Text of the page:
Thursday, April 16, 2009

Learning to Write Recommendation Letters

My advisor tries to remain very supportive of her undergraduate students, even when she barely knows them. They may only see her in lab meetings, and she may not recognize them if she passes them in the hall, but she has grad students and the lab coordinator to be her eyes and ears. Every year she looks for a rising senior to nominate for a prestigious (if small) departmental research award. This year, there were two rising seniors in our lab, both planning to do a senior thesis, and she picked the one who is working with me.

He is an exceptional student, and not just "exceptional" in the sense that he is one of two males in a female-dominated lab. I waxed enthusiastic about his funding proposal draft, when I saw thesis-quality writing without any assistance from me. I am completely behind arguing that he should receive any kudos we can get from him. I just wish my advisor were doing more of the work than picking who she would nominate.

All that is required of the advisor is a letter of recommendation; the rest of the burden of application is on the student's shoulders. But my advisor has only met with this student once, so she asked me to draft the letter. I was happy to do this, since I was in the best position to do so. It was a challenge, and a useful experience. The frustration started when I received her comments. Not changes she had made to the letter to improve it, but the things I should do to improve it.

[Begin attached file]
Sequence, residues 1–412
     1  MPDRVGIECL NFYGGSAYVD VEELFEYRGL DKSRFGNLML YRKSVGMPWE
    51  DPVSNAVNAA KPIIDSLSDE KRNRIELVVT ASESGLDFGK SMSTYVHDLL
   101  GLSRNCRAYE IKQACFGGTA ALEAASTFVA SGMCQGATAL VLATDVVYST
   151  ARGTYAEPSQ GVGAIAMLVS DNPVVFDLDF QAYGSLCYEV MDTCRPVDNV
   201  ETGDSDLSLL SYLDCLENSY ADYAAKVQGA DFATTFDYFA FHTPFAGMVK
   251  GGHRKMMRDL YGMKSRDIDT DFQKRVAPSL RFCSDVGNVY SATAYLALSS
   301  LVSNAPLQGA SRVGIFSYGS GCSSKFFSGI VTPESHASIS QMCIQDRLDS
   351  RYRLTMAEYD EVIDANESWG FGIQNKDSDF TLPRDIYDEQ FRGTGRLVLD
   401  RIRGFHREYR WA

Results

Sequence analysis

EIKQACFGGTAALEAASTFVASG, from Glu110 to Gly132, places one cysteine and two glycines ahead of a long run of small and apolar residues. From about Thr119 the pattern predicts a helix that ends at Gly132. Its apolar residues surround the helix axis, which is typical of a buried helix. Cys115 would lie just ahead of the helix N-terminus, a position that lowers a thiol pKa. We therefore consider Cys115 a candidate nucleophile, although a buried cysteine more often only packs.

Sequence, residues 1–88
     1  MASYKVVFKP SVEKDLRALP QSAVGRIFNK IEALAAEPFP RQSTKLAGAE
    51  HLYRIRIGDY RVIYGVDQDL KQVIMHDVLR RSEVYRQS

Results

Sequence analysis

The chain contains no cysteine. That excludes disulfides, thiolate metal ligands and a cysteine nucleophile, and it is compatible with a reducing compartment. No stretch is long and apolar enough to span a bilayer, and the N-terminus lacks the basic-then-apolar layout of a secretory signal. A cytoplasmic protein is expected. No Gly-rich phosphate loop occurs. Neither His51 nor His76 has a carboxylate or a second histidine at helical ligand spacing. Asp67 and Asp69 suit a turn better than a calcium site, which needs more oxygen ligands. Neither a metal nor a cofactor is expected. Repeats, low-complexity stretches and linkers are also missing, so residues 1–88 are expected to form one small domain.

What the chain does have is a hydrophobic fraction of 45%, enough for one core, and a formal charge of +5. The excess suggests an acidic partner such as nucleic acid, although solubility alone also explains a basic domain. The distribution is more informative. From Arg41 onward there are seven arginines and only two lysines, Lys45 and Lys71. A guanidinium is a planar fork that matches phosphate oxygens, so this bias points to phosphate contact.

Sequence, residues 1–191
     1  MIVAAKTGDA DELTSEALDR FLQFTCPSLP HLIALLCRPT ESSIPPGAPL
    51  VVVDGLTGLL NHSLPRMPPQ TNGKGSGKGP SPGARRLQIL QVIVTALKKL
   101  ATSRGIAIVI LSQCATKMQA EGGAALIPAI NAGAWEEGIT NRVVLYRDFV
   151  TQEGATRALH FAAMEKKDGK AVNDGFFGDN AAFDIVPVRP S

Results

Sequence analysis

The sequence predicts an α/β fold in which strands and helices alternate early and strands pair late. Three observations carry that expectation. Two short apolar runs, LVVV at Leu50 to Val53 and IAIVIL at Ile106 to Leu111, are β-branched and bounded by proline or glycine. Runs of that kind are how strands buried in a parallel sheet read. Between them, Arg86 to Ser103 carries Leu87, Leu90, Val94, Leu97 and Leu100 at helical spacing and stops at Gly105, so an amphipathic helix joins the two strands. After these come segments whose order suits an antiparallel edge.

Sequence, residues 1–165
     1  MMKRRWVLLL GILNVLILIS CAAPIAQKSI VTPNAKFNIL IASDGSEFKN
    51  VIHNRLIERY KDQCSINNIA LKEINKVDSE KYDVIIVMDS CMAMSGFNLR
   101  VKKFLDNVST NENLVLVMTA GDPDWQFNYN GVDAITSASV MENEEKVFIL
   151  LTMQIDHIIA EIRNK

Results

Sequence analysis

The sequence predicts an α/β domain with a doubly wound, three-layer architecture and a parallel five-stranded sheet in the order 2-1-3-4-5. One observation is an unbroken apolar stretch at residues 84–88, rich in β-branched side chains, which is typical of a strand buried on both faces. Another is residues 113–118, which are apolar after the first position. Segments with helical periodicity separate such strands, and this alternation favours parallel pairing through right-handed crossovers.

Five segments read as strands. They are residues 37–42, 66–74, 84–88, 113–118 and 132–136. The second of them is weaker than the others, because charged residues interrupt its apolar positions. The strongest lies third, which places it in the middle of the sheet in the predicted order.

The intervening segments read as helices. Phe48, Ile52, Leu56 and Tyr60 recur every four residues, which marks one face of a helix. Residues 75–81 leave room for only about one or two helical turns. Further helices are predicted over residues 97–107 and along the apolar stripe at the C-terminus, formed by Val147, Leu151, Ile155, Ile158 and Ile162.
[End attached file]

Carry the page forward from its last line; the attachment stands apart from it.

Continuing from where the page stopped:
As I told our lab coordinator, who has been helping me with the writing, I can't tell if the point is to write a great recommendation for the student or to train me in the writing of recommendations. If it were to get him the award, it would make a lot more sense if she put some of her expertise in writing such letters to use, instead of having me fumbling around in my first-ever attempt to "sell" a student's accomplishments.

Yes, this will be incredibly helpful in my chosen career, when I will be asked to write any number of similar recommendations. It's great training, if something difficult to include in my vita ("ghost-wrote recommendation letters"). But still, it's incredibly frustrating to realize that she will sign her name to a letter when her contribution was "talk more about this" and "move these sentences here".

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